Now it is well known, or ought to be, that the Rev. William Gibson was one of the "founders of the Covenanting church in this country"—the senior minister of tile Reformed Presbytery at the beginning of the present century. And it is equally well known, or ought to be by all Covenanters, that his junior brethren did, in 1838, in the city of Philadelphia, change their ecclesiastical and civil relations; and that the said Mr. Gibson did thenceforth separate from their ecclesiastical fellowship, and continue so till his death. By his actual separation from those brethren at the above date, he gave a most emphatic and practical testimony against the "system of order" which was then inaugurated by his junior brethren. But now, another class of Mr. Gibson’s professed brethren or ecclesiastical children, propose to improve and complete the work which he and others, as "founders of the Covenanting church in this country" unhappily failed to finish! That is, they propose to "complete the whole system of ecclesiastical order," by bringing their subordinate standards—their terms of communion in particular—into harmony with their Pittsburgh Bond [the Covenant of 1871], Army Oath of Fidelity[when many served in the Union Army during the Civil War], Pennsylvania Charter [that Erastian Charter of civil incorporation], &c. They have declared, and solemnly sworn that they will endeavour to "maintain Christian friendship with pious men of every name," while telling the world that, in doing so, they are carrying out the "design of the founders of the Covenanting church in this country." When thus grievously wronged in his memory, by misrepresenting his sentiments, it cannot be unseasonable to permit one of the "founders of the Covenanting church" to speak for himself.—The position of Rev. James Reid of Scotland, Rev. William Gibson of North America, and Rev. John Cunningham, LL.D. of London, was not equivocal during their lives, nor at their death; and their identity with the Reformed Presbyterian Covenanted church can never be mistaken by any future historian. No sophistry could induce them to believe that a declared adherence, however solemn, to "the spirit of the Covenants," or even to "the principles of the Covenants," is equivalent to owning the covenants themselves. No, no: even a Seceder, Dr. M’Crie [the elder] long since detected and exposed the fallacy of that wretched logic by which the present Dr. M’Crie (a son unworthy of his father), attempted to deceive his brethren and lead them blindfold into the United Presbyterian Church of Scotland. Nor could Mr. Gibson, (after personal knowledge of the "United Irishmen") ever be persuaded to co-operate with drunkards, infidels, &c., against slavery; nor to "feel and act as one" with slave-holders, oddfellows, &c., however reputedly pious, against drunkenness. He had not so learned Christ."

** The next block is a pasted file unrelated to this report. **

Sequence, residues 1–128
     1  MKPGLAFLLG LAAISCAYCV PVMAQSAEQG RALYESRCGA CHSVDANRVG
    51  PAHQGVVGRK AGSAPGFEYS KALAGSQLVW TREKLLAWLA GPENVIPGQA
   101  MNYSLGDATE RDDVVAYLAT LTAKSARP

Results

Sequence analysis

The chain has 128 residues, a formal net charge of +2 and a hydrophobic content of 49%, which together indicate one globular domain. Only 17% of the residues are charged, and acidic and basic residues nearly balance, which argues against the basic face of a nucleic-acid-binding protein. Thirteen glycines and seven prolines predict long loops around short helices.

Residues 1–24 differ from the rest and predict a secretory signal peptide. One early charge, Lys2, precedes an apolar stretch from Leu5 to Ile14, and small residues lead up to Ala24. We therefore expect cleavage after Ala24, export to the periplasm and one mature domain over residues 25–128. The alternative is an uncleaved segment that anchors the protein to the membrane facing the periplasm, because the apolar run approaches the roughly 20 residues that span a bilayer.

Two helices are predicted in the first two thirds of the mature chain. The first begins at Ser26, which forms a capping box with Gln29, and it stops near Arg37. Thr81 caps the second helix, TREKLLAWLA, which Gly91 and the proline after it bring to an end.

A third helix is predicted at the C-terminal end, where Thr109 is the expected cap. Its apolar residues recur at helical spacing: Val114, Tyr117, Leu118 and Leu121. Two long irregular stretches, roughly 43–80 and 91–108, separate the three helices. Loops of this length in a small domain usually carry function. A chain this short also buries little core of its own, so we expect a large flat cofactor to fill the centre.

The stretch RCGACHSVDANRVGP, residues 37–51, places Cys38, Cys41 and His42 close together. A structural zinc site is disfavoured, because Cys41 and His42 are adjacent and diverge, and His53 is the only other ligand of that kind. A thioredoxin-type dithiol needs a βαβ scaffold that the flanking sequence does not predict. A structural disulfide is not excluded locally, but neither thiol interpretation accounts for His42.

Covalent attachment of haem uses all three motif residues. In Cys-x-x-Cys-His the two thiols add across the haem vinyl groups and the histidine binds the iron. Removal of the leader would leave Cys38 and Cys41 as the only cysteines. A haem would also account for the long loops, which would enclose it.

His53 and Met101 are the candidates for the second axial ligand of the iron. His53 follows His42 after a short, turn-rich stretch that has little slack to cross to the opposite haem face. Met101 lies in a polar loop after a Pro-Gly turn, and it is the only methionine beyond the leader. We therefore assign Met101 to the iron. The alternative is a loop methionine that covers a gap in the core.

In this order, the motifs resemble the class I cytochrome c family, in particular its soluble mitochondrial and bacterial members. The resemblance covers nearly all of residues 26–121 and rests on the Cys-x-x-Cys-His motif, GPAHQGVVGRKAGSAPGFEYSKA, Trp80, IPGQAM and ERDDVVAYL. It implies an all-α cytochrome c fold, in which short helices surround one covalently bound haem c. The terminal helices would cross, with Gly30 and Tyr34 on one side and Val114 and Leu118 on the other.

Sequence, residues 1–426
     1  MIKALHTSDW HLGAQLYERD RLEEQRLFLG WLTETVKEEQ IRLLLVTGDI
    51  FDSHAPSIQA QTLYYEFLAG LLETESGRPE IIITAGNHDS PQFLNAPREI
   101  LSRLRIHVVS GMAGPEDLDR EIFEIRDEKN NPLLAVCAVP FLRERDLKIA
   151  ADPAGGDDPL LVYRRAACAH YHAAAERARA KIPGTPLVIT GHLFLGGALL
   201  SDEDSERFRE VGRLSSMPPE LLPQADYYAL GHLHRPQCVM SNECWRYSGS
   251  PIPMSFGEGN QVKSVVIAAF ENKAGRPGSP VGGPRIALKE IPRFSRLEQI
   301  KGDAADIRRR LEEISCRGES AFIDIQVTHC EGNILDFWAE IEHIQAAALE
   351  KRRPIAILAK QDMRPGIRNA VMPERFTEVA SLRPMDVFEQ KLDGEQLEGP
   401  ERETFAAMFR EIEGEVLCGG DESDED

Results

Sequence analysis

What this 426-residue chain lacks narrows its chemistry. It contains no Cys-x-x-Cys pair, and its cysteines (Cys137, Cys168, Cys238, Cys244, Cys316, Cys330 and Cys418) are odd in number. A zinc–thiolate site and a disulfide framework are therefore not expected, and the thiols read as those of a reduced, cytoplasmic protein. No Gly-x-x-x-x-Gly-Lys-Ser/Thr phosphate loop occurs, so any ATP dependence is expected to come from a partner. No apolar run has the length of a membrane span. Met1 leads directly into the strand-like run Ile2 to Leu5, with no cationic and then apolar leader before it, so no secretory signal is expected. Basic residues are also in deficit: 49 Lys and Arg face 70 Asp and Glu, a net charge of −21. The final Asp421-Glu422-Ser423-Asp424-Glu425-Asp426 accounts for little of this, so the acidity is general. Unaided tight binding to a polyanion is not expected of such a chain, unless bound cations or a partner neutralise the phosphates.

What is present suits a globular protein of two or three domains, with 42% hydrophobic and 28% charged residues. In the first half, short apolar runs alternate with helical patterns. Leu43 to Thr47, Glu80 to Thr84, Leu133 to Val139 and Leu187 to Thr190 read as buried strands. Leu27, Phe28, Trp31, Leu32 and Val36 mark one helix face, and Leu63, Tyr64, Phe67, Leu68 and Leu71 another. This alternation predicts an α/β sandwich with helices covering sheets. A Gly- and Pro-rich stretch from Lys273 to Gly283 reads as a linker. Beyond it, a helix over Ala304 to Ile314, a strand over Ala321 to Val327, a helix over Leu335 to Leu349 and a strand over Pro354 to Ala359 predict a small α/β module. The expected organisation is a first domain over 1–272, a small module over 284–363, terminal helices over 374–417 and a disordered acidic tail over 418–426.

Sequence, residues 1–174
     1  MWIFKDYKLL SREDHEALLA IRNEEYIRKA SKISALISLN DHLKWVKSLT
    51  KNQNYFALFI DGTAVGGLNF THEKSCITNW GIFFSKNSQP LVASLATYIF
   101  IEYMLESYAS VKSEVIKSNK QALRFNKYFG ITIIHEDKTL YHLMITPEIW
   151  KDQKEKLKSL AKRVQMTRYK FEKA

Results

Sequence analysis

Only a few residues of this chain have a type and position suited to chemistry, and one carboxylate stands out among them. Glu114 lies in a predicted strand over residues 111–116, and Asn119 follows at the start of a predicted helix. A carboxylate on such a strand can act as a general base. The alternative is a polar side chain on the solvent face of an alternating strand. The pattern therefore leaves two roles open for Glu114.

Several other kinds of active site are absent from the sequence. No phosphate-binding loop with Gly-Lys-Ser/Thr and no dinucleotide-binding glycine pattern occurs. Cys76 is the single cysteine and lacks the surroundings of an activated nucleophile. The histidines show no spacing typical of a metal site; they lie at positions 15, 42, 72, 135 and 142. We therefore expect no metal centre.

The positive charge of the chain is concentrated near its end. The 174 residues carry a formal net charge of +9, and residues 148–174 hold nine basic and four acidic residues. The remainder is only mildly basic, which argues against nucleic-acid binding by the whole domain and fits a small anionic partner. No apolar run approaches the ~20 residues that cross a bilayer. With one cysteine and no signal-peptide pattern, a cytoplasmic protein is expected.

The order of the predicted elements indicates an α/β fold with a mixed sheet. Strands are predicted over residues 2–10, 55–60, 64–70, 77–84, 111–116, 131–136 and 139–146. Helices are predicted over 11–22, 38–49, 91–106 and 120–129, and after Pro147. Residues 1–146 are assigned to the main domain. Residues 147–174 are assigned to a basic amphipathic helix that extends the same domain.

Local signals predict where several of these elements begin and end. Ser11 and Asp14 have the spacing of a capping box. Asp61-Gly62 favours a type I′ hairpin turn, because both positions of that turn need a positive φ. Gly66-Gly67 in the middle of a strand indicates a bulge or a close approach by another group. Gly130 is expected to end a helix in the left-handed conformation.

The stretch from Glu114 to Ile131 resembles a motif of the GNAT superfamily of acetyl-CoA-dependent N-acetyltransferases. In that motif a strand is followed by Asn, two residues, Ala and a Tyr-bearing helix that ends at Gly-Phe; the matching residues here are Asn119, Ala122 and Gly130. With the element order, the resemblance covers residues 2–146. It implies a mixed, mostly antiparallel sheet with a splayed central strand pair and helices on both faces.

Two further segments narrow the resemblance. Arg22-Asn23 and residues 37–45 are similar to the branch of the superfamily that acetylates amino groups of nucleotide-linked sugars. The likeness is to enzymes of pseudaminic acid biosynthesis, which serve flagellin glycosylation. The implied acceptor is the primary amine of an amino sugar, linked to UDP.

We cordially invite the reader to try his skill in reconciling the "dying testimony" of Rev. William Gibson with the Pittsburgh Bond [the Covenant of 1871]; bearing in mind, that he was one, and the oldest of the "founders of the Covenanting church in this country." Here follows his said testimony:—"This certifies that I, William Gibson, minister of the Reformed Presbyterian Church in the United States of America, did cause my name to be signed to a paper written by James J. Atcheson, and directed to the Rev. Moderator and other members of the General Synod of the Reformed Presbyterian Church to meet in New York on the first Tuesday of October, 1838, remonstrating against ministers of the Southern Presbytery for joining the association called the "Anti-slavery Society." This I did when in comparative health and in the full possession of my mental powers: and I now further declare my disapprobation of all the voluntary associations of the day; such as the ‘Anti-slavery Society,’ ‘Temperance Society,’ and the like: and I, being now near my dissolution, do leave my testimony against the officers and members of our church connecting themselves with such societies as mentioned above, firmly believing membership in these societies usually called voluntary, to be contrary to Scripture and the standards and approved practice of the Reformed Presbyterian Church.

Done October 4th, 1838, in the city of New York.

WILLIAM GIBSON, Minister.

Witnesses.William Wylie,

Fergus Johnston,

George Sharpe,

Jas. H. Bartley.